Transformational speaker, life coach, and best-selling author Valerie Gangas specializes in helping people reinvent themselves and gain a deeper understanding of who they are. By sharing her own experiences with depression and anxiety, she helps people develop a higher level of consciousness and thrive in their lives. She’s here today to show us how to use the current circumstances as a catalyst to turn our pain into power and become a better version of ourselves.
Tune in this week for a super interesting and meaningful episode, where we’ll discuss why so many people are doing deep internal work in the current circumstances. We’ll learn how to have the courage and dedication to transform ourselves into who we really are, and why going inward to take care of ourselves will enable us to start seeing the wonder in everything. Get out your journal – you’re going to think differently after this episode!
Tobi Fairley: You are listening to The Design You Podcast with Tobi Fairley, episode #126.
Female Announcer: Welcome to the The Design You Podcast, a show where interior designers and creatives learn to say, “No” to busy and say, “Yes” to more health, wealth, and joy. Here is your host, Tobi Fairley.
Tobi Fairley: Hey, everybody. How are you? Are you feeling anxiety right now? We’ve been in this pandemic for a while, right? Is it five months? Six months? I don’t know I lose count and I’m sure you do, too.
Well, today on the podcast we’re going to talk about this. We’re going to talk about why we’re feeling anxious and how we can really start to use this time as an opportunity to go even deeper into the best version of ourselves. So, today I’m talking with Valerie Gangas and she’s a transformational speaker and a life coach and an author of a book called, Enlightenment is Sexy, which I love. The subtitle is, Every Woman’s Guide to a Magical Life.
She really specializes in helping people make radical shifts in their self-perception to gain a deeper understanding of who they are. So, the whole point is she helps people genuinely live and thrive in the world and she does that through sharing her own story and her own transformation and experience with transcendental meditation and just really developing a higher level of consciousness.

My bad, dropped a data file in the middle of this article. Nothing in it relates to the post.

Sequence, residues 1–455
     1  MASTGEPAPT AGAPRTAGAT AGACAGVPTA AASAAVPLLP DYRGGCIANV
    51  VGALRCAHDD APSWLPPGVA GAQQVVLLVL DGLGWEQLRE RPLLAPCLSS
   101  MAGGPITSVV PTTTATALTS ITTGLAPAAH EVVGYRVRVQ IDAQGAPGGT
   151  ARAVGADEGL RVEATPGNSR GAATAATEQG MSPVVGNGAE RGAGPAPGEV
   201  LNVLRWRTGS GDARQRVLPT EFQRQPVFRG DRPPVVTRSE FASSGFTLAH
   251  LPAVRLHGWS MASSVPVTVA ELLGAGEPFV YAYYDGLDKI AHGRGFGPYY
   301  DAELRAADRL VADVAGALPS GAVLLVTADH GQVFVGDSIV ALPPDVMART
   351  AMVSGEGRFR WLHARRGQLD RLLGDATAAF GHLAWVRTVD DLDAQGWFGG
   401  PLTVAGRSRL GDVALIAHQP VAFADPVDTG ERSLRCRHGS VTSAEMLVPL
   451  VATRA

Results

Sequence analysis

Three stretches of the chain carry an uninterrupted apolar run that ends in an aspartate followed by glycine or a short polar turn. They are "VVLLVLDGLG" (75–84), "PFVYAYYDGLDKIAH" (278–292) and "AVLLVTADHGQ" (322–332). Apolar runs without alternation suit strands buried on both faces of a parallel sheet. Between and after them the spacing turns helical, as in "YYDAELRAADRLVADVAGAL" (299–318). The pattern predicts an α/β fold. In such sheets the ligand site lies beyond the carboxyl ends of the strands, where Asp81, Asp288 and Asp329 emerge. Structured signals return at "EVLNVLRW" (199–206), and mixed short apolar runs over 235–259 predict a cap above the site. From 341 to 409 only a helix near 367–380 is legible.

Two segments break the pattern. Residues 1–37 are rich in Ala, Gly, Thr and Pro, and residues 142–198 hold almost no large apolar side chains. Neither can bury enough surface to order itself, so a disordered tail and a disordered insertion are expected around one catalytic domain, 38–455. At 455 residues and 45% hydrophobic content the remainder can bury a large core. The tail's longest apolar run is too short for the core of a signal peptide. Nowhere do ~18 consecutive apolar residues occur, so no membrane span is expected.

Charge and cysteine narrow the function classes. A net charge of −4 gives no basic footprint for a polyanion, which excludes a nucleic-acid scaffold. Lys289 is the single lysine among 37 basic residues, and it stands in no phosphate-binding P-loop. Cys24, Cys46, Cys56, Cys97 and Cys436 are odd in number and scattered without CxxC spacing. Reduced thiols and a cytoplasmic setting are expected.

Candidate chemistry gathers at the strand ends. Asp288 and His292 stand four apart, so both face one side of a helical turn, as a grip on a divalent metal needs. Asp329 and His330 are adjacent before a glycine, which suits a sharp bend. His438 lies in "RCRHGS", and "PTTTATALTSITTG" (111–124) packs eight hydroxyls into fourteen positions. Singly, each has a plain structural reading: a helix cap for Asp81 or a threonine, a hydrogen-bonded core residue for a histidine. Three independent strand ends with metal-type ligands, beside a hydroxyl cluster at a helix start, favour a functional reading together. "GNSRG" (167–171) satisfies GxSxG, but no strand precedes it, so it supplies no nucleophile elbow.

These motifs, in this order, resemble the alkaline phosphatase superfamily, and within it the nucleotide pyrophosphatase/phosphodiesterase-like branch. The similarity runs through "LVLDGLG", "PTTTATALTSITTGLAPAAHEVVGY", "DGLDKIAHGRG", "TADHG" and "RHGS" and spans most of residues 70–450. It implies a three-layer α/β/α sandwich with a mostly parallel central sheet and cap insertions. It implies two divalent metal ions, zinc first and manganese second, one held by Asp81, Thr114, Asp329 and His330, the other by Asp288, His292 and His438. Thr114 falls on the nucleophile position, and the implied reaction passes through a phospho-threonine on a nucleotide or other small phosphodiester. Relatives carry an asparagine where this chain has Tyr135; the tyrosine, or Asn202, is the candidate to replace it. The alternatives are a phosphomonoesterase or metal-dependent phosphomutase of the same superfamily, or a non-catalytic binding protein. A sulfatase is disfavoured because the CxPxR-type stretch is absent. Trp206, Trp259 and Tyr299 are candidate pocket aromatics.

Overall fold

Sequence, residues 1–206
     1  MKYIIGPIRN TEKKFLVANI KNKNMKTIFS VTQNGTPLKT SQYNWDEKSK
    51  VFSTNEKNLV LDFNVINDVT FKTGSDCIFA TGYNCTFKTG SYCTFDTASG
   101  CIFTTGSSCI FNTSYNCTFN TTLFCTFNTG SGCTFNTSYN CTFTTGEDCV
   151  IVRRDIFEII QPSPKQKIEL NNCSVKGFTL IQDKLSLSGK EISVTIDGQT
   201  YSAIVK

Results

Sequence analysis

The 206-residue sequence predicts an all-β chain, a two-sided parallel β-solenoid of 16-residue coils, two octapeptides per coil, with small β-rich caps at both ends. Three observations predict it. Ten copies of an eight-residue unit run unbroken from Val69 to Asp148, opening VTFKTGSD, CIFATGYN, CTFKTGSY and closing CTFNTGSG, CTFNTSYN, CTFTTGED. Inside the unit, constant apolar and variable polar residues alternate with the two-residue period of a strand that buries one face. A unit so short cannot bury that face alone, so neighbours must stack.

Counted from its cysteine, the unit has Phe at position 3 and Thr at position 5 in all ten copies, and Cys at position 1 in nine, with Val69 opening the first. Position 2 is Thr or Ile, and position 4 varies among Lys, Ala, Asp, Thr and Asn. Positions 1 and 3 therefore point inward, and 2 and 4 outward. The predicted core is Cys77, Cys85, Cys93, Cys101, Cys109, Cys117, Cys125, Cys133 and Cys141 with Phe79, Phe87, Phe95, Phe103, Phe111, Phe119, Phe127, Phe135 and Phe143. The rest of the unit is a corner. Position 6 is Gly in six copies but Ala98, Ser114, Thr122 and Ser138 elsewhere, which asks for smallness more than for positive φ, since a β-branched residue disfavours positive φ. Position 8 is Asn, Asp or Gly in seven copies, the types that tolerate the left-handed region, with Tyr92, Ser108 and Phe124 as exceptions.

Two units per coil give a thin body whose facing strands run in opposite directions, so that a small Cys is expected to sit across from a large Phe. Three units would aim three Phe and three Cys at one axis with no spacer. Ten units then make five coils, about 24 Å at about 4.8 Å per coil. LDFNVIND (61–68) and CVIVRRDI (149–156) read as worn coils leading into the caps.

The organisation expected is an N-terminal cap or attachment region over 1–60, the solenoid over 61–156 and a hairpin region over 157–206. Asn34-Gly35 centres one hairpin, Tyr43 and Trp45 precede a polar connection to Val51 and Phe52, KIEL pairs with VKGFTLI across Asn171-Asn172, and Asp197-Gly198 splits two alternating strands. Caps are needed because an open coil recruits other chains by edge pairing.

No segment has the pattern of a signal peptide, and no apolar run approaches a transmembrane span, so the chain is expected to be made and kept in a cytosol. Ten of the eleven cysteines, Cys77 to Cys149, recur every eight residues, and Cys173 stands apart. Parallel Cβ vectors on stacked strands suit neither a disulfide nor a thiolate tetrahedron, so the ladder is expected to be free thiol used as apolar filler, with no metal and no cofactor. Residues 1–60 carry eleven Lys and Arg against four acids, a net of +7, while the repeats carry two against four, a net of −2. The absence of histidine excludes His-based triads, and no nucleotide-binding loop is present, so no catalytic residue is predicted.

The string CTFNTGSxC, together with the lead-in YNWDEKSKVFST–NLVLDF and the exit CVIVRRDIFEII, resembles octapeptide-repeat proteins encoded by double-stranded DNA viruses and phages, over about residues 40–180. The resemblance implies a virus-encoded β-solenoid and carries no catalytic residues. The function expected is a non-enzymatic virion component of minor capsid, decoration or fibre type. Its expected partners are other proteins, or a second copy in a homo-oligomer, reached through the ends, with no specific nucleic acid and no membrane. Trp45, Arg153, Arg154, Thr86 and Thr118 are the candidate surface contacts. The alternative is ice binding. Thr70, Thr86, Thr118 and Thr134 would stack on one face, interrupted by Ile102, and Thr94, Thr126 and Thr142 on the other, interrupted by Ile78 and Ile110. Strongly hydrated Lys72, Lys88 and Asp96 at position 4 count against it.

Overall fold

I know that this is an interesting and meaningful episode, at least for me, and I hope that you’ll listen with a really open mind. Because there’s so much we can be doing in our own lives and with ourselves in this time that is so unprecedented. It’s like in no time that we’ve ever felt before and if we can really get an understanding of what’s creating the anxiety and the stress in our lives and think differently to show up in a new way and really, again, use this time to become a completely different version of ourselves.
Because let’s just be clear, we’re probably not going back to the version we were pre-pandemic, pre-George Floyd, pre-everything that has happened in 2020, right? I don’t know that we can go back or that we even want to in a lot of ways. But I think as opposed to resisting and creating so much anxiety, if we can learn to lean into this and use it as a catalyst to become a different version and a better version of ourselves, one we really, really love then I think it will all be at least the silver lining for all that we’ve been through this year.
So, I think episode plays greatly with the Dayka Robinson episode that was recent, at the end of July. If you haven’t heard that one put these two together and you’re really on your way to this whole other way of showing up in your life.
Get out your notepad, again – this one actually, maybe your journal. You’re going to want to do some thinking with this episode and see what comes up for you because this is a really, really interesting conversation with Valerie Gangas.
Tobi Fairley: Hey, Valerie, welcome to The Design You Podcast.
Valerie Gangas: Thanks for having me on.
Tobi Fairley: You’re so welcome. So, this is a very interesting topic to me. We’re going to talk today about the extreme levels of anxiety that people are feeling in the world and especially in America right now. Set the scene for everyone. Tell them a little bit why you are the right person for them to be listening to when it comes to things like dealing with anxiety.
Tell us a little bit about how you are and your story so that they kind of understand what perspective you’re coming from and then we’re going to get into what’s happening every day for most of us, the news, everything else that’s causing extreme anxiety and we’ll start to get into some ways that we can really deal with that.
Valerie Gangas: So, growing up I never remember feeling very anxious or depressed or anything like that. I remember worrying that my mom was going to pass away because she had stage 4 breast cancer and she was in treatment for almost 14 years, so it was a really long run and I remember that was something that I was carrying with me that was always in the back of my mind. I worried about her, but I never experienced extreme anxiety and extreme depression. It was maybe like a little bit of floating anxiety because of her situation.
Then in 2011 she passed away and it felt like all of the stress I had ever felt in my whole life just hit me at once and I started having panic attacks. I was very depressed. I became suicidal. I was not functioning at all. I couldn’t work, couldn’t leave the house.